WYSO

Muslim-American

DMS Youth Coordinator Mehreen Raja stands in front of the doughnut and tea stand at the Dayton Mercy Society's drive-through Eid celebration.
Leila Goldstein / WYSO

This weekend, Muslims across the globe celebrated Eid al-Fitr, the festival marking the end of Ramadan. Because of the coronavirus, communities in the Miami Valley were not able to gather, hug, or eat together as usual. But the youth group at the Dayton Mercy Society (DMS) in Miamisburg dreamed up a drive-through Eid celebration.

The entrance of the Dayton Mercy Society building in Miamisburg. On Sunday the mosque will host a drive-through Eid celebration.
Dayton Mercy Society

This Sunday Muslims around the world will celebrate Eid al-Fitr, the festival marking the end of Ramadan. Muslim communities in the Miami Valley have had to adapt during the COVID-19 pandemic, with sermons conducted over Zoom and families praying at home instead of at mosques. 

In some ways, the pandemic has made Ramadan a bit easier for Chanda Haq’s family in Dayton. Her kids did not have to be in school all day or miss out on track practice because they were fasting. But she felt like something was missing this year.

Harrison Hall at Miami University.
Public Domain File:Muohioharrison.jpg

Some Miami Valley college officials say they’re working to support international students affected by the Trump administration travel ban, advising them to evaluate their study plans before the fall semester begins.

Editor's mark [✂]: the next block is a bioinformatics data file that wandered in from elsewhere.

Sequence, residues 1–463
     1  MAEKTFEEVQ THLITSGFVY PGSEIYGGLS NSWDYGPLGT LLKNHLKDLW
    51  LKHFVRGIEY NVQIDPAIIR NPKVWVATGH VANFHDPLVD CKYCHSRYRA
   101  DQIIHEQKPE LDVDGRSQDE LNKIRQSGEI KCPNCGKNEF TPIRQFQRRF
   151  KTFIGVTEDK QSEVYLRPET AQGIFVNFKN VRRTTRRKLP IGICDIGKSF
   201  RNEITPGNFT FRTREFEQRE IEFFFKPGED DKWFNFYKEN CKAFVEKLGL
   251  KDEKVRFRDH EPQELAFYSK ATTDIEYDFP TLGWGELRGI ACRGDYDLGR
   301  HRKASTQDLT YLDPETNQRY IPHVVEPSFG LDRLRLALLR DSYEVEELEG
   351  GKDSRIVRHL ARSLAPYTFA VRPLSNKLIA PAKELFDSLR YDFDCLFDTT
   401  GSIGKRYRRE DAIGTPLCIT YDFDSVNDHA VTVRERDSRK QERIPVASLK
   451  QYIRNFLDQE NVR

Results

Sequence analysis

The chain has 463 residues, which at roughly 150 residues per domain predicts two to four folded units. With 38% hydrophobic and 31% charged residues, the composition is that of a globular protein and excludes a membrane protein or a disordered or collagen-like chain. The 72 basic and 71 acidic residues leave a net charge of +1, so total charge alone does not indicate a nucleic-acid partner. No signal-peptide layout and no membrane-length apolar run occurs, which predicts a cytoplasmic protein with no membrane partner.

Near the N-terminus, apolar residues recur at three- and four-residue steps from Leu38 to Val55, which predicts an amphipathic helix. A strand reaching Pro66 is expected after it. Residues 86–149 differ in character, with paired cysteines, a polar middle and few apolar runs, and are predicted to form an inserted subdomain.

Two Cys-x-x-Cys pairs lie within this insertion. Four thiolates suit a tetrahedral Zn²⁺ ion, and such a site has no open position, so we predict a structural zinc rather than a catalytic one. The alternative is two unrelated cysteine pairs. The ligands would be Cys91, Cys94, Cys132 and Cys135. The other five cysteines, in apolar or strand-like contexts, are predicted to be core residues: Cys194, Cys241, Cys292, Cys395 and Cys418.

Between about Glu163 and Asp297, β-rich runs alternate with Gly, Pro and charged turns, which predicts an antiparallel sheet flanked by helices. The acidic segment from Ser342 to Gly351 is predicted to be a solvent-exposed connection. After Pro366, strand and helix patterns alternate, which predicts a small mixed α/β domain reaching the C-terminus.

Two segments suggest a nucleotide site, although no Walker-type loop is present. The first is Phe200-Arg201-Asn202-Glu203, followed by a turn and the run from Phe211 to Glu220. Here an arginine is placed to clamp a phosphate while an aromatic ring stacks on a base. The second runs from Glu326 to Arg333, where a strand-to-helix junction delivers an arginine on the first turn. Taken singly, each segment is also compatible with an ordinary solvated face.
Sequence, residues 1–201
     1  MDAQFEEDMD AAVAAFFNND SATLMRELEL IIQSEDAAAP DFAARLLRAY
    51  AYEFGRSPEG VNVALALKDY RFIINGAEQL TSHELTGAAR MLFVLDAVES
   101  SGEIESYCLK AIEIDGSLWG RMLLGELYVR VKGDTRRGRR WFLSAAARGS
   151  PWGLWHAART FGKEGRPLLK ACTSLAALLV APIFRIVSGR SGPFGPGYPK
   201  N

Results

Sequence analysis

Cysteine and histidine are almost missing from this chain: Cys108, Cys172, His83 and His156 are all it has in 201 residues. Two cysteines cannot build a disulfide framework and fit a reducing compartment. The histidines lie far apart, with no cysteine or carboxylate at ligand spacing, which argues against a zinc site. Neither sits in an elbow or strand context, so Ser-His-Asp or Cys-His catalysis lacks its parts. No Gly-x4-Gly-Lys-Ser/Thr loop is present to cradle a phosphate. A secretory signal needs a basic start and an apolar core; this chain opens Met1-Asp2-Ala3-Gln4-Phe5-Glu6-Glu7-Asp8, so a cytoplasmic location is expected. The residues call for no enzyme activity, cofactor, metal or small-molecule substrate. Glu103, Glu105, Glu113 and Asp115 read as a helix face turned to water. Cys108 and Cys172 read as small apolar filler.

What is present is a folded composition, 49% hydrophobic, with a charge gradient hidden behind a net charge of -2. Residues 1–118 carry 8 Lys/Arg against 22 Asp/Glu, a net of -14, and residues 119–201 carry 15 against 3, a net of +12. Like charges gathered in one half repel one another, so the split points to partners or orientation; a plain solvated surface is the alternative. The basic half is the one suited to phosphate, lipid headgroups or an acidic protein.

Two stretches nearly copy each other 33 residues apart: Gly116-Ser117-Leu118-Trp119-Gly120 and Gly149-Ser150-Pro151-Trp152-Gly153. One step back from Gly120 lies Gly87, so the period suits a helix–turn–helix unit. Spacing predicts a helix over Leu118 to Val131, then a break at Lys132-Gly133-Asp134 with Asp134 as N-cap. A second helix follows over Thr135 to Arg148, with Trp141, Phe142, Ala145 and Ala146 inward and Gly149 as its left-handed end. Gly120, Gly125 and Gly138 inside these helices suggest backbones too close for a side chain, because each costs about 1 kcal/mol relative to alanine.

The Supreme Court recently upheld by a 5-4 vote the ban for residents from seven countries, most with Muslim majorities.  

Wright State university
Jess Mador / WYSO

Hundreds of college students from countries included in the Trump administration’s updated travel ban are facing uncertainty over their residency in the Miami Valley. The latest version of the travel ban is set to take effect October 18.

Under the executive order, existing international students from the eight mostly Muslim-majority countries with current, valid travel documents will be allowed to remain in the United States.

April Laissle

More than 150 people attended an open house at the a Bellbrook Mosque over the weekend.

The event, hosted by the Islamic Society of Greater Dayton, was organized as part of an effort to increase dialogue and understanding among people of different faith traditions in the Miami Valley.

Shaad Ahmed
Jerry Kenney

Earlier this month three Muslim-American students were found dead in their home in Chapel Hill, North Carolina—and a local Dayton resident says he knew them well.

Deah Barakat, 23; his wife, Yusor Abu-Salha, 21; and her sister, Razan Abu-Salha, 19 were shot and killed over a reported parking dispute. Their neighbor, 46 year old Craig Hicks, turned himself in several hours after the crime. He was indicted by a grand jury last week.